Type 1 diabetes (T1DM), also known as insulin-dependent diabetes mellitus, is a chronic autoimmune disorder that usually presents itself in children or young adults. Diabetes UK has reported that in the UK there are 4.3 million people now living with a diagnosis of diabetes and 8% of those suffer from T1DM . This type of diabetes is characterised by the autoreactivity of T cells against pancreatic β-cells, leading to their destruction and depleting the ability of the pancreas to produce insulin. This results in hyperglycaemia, abnormal glucose metabolism, and a lifelong reliance on exogenous insulin, leading patients to struggle with poor glycaemic control that in turn can cause complications . While a combination of genetic factors and environmental influences is thought to contribute to the development of the immune disorder in T1DM, the precise aetiology remains unclear .
Recent years have given way to the development of continuous subcutaneous insulin infusion (CSII) pumps and continuous glucose monitors (CGM), termed the artificial pancreas . Hybrid closed loop systems connect these devices via a control algorithm programmed to maintain target glucose . These devices have led to better physiological and psychosocial outcomes in sufferers by enhancing time in optimal glycaemic range and reducing severe hypoglycaemia . This has been shown using glycosylated haemoglobin (HbA1c) assays of the device users. These devices do have limitations, such as the lag time of glycemia detected by CGM, the risk of hypoglycaemia and potential infection .
Clinical trails have shown that β-cell transplantation and islet transplantation are more effective alternatives as they restore the pancreatic function of insulin production, however the treatment necessitates the patient to take immunosuppressive drugs that can have adverse side effects. Another area of scrutiny is the use of stem cell transplantation. These cells can be derived from several sources, such as mesenchymal stem cells (MSCs) human embryonic stem cells (hESCs), and bone marrow hematopoietic stem cells (BM-HSCs) and using these can remove the need for a donor and can moderate T cell proliferation and immune response against β – cells . In recent studies using mice models and clinical trials, administration of stem cells from different origins have shown the promotion of existing β-cell survival and regeneration, resulting in increased β-cell mass, increase in blood insulin levels and the downregulation of hyperglycaemia . These can enhance insulin sensitivity and promote islet cell regeneration, which was shown to improve blood glucose control .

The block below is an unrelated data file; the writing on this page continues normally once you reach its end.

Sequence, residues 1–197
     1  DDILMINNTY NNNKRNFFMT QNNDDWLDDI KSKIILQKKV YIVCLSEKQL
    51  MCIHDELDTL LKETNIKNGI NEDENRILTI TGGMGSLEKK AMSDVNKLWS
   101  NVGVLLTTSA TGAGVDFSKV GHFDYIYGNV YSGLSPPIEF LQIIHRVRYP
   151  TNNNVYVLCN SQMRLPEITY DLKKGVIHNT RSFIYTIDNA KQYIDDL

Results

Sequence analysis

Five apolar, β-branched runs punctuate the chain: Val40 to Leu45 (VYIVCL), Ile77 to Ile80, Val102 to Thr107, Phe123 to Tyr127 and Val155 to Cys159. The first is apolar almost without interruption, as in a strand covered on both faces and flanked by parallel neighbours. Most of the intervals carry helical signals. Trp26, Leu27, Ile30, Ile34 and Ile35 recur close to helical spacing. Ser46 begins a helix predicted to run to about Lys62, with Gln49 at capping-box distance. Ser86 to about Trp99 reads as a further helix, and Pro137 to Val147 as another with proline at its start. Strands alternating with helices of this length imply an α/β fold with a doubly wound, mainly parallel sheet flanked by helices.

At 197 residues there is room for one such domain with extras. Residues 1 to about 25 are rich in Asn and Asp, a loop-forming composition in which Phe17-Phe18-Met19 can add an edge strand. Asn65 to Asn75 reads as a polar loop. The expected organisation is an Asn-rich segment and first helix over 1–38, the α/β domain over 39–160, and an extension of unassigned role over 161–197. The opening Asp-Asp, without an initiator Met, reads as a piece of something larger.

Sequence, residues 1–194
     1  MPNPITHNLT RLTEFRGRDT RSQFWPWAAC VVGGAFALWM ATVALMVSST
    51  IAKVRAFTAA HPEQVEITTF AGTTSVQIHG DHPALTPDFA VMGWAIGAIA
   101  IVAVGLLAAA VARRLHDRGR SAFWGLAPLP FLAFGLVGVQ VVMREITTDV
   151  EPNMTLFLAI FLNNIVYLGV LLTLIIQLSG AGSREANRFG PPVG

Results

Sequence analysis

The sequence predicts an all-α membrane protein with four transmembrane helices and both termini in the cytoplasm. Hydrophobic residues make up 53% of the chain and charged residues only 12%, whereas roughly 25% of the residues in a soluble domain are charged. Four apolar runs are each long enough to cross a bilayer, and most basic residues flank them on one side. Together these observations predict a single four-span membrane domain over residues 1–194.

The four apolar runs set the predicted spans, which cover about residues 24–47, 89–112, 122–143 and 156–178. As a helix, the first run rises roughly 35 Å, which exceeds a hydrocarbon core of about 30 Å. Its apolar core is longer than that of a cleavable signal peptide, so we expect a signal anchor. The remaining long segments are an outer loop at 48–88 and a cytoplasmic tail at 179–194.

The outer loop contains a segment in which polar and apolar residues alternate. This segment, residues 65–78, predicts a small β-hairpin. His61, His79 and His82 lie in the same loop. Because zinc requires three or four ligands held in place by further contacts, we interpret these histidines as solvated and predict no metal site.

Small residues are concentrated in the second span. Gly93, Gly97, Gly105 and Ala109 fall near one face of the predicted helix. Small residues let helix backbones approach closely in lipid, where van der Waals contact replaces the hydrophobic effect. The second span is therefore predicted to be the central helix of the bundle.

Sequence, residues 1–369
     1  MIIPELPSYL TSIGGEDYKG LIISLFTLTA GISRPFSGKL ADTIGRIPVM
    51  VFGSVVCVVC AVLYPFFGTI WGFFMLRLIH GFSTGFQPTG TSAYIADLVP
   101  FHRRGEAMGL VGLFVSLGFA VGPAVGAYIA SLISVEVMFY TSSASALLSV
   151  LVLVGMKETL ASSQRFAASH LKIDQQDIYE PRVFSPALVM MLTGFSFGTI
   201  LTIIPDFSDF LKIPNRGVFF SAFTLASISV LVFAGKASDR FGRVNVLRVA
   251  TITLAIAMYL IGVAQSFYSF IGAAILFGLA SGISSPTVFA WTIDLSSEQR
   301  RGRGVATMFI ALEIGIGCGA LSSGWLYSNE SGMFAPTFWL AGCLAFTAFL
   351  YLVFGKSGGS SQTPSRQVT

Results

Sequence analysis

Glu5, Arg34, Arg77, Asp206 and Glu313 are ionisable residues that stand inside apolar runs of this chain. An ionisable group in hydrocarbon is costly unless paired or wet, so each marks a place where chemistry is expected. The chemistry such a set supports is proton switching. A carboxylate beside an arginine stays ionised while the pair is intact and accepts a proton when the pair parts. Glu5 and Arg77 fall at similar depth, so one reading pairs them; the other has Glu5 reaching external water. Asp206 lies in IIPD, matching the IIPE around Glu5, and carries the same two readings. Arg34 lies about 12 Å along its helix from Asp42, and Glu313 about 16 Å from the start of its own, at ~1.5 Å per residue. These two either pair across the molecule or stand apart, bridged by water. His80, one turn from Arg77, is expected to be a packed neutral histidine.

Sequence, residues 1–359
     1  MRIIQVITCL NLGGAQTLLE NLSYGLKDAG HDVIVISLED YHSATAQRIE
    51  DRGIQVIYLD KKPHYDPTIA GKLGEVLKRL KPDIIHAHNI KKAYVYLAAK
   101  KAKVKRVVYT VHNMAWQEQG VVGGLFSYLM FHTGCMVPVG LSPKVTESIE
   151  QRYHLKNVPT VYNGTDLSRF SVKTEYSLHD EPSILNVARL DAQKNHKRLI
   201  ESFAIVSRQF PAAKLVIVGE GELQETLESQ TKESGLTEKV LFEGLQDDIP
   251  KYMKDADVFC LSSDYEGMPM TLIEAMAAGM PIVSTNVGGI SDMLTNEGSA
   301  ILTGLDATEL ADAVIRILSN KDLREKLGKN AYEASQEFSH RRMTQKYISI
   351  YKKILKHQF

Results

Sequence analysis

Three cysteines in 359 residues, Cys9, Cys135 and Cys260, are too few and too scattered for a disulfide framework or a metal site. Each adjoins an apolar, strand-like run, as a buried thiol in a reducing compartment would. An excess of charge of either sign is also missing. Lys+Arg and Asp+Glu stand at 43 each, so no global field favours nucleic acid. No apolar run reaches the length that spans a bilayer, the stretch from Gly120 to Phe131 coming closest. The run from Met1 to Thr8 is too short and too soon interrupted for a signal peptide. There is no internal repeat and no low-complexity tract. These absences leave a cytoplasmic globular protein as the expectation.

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- Diabetes UK (April 2023) number of people living with diabetes in the UK tops 5 million for the first time www.diabetes.org.uk/about_us/news/number-people-living-diabetes-uk-tops-5-million-first-time
- Wan Xin-Xing, Zhang Dan-Yi, Khan Md. Asaduzzaman, Zheng Sheng-Yuan, Hu Xi-Min, Zhang Qi, Yang Rong-Hua, Xiong Kun (2022) Stem Cell Transplantation in the Treatment of Type 1 Diabetes Mellitus: From Insulin Replacement to Beta-Cell Replacement. Frontiers in Endocrinology Volume 13
- Munachiso Nwokolo, Roman Hovorka, The Artificial Pancreas and Type 1 Diabetes, The Journal of Clinical Endocrinology & Metabolism, Volume 108, Issue 7, July 2023, Pages 1614–1623,